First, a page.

As you lounge in the comfort of your warm bed in Alila Jabal Akhdar, your gaze out of the window will fall on a set of mountains. Just beyond this, is the Jebel Shams, the tallest mountain range in Oman, and incidentally, the home of Wadi Ghul – Oman’s Grand Canyon. The mountain is approximately 3,000m above sea level, and it is just below this summit that you find the starting point of Wadi Ghul. The canyon is of such immense nature that it is difficult to identify a starting point and an end point to it. The rock formations shaped by ancient rivers and rain that fell for over a thousand years has created an ethereal masterpiece of nature that is sure to captivate all who visit. Wadi Ghul is, in fact, the deepest canyon you will find in the Middle Eastern region, while it is the second deepest canyon in the world, second only to the Grand Canyon in Arizona. The flora and fauna in Wadi Ghul is minimal, although it is quite common to come across one sure-footed mountain deer or another on your way up there. However, what will have you clicking away is not the creatures that you find here, but the terrain and the mysterious landscape that would slowly reveal itself to you.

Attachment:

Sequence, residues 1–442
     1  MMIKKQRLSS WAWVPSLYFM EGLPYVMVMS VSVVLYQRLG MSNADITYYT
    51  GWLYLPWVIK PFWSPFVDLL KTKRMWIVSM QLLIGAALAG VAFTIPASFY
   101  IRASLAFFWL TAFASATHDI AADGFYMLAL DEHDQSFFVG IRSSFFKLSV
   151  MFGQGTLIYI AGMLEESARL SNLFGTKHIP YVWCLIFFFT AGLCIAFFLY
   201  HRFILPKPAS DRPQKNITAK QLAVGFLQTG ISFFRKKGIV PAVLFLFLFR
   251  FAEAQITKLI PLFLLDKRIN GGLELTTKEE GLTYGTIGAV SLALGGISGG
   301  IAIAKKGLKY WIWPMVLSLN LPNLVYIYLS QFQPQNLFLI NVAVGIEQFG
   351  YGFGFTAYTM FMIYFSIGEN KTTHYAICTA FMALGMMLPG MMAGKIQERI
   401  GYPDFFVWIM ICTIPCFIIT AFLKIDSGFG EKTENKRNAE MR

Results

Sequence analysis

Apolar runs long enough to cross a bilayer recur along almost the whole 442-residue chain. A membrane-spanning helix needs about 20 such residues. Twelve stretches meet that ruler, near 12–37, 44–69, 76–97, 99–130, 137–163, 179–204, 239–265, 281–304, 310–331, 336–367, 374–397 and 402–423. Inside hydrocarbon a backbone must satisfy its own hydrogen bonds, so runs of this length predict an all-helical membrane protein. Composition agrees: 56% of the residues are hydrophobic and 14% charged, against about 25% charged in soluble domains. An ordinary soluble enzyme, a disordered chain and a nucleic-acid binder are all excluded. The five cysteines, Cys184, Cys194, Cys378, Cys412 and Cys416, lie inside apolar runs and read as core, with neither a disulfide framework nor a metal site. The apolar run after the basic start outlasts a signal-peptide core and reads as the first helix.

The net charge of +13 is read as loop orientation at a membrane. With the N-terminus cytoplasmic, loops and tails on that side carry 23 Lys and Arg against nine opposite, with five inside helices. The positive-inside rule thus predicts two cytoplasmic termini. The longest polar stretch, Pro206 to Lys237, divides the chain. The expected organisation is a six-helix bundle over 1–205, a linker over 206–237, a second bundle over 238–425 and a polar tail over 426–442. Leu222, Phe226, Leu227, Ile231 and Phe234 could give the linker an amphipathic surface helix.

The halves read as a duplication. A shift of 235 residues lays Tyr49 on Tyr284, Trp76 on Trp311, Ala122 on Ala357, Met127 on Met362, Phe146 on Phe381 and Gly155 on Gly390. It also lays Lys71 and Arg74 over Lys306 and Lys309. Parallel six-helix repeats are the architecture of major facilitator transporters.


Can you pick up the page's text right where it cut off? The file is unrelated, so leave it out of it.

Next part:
The only way to reach the Canyon is on a 4WD, while the last leg of the journey must be done on foot. There is an abandoned village on the far end of the valley, called Ghul village. The mud-caked homes that seem to materialise out of the mountains itself would draw an interesting contrast with any luxury suite and villa in jabal Akhdar that tourists often opt for accommodation. While the trailhead for the “balcony” of the Canyon begins in this abandoned village, there is a populated village a little way off that can give the visitor a glimpse of the mountainous lifestyle of the locals.
Caleb Falcon is a travel writer who specializes in writing content based on the many exciting world adventures that await intrepid travellers.